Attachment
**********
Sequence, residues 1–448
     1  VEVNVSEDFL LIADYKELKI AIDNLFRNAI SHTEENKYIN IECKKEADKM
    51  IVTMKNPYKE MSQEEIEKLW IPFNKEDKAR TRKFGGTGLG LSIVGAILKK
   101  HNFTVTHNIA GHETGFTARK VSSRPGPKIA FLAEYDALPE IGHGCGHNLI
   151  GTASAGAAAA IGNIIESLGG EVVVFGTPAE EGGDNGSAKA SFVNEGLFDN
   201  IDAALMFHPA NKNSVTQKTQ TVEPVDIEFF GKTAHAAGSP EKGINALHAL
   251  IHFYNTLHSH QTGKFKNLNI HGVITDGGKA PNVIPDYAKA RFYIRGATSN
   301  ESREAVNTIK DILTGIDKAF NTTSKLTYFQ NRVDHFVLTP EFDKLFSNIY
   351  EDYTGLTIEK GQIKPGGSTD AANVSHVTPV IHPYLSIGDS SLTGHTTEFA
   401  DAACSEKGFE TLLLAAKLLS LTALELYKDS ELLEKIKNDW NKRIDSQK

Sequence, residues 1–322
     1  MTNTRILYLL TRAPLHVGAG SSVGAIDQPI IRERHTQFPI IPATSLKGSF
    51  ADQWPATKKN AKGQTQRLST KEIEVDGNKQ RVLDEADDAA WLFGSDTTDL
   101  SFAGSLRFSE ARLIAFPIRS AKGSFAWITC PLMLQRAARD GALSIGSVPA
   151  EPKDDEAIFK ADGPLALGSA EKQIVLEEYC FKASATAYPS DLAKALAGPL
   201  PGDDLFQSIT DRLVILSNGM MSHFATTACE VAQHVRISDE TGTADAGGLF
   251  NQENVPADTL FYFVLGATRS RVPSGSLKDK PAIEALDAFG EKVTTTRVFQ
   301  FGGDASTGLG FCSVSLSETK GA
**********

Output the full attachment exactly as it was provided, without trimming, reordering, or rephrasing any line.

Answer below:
Sequence, residues 1–448
     1  VEVNVSEDFL LIADYKELKI AIDNLFRNAI SHTEENKYIN IECKKEADKM
    51  IVTMKNPYKE MSQEEIEKLW IPFNKEDKAR TRKFGGTGLG LSIVGAILKK
   101  HNFTVTHNIA GHETGFTARK VSSRPGPKIA FLAEYDALPE IGHGCGHNLI
   151  GTASAGAAAA IGNIIESLGG EVVVFGTPAE EGGDNGSAKA SFVNEGLFDN
   201  IDAALMFHPA NKNSVTQKTQ TVEPVDIEFF GKTAHAAGSP EKGINALHAL
   251  IHFYNTLHSH QTGKFKNLNI HGVITDGGKA PNVIPDYAKA RFYIRGATSN
   301  ESREAVNTIK DILTGIDKAF NTTSKLTYFQ NRVDHFVLTP EFDKLFSNIY
   351  EDYTGLTIEK GQIKPGGSTD AANVSHVTPV IHPYLSIGDS SLTGHTTEFA
   401  DAACSEKGFE TLLLAAKLLS LTALELYKDS ELLEKIKNDW NKRIDSQK

Sequence, residues 1–322
     1  MTNTRILYLL TRAPLHVGAG SSVGAIDQPI IRERHTQFPI IPATSLKGSF
    51  ADQWPATKKN AKGQTQRLST KEIEVDGNKQ RVLDEADDAA WLFGSDTTDL
   101  SFAGSLRFSE ARLIAFPIRS AKGSFAWITC PLMLQRAARD GALSIGSVPA
   151  EPKDDEAIFK ADGPLALGSA EKQIVLEEYC FKASATAYPS DLAKALAGPL
   201  PGDDLFQSIT DRLVILSNGM MSHFATTACE VAQHVRISDE TGTADAGGLF
   251  NQENVPADTL FYFVLGATRS RVPSGSLKDK PAIEALDAFG EKVTTTRVFQ
   301  FGGDASTGLG FCSVSLSETK GA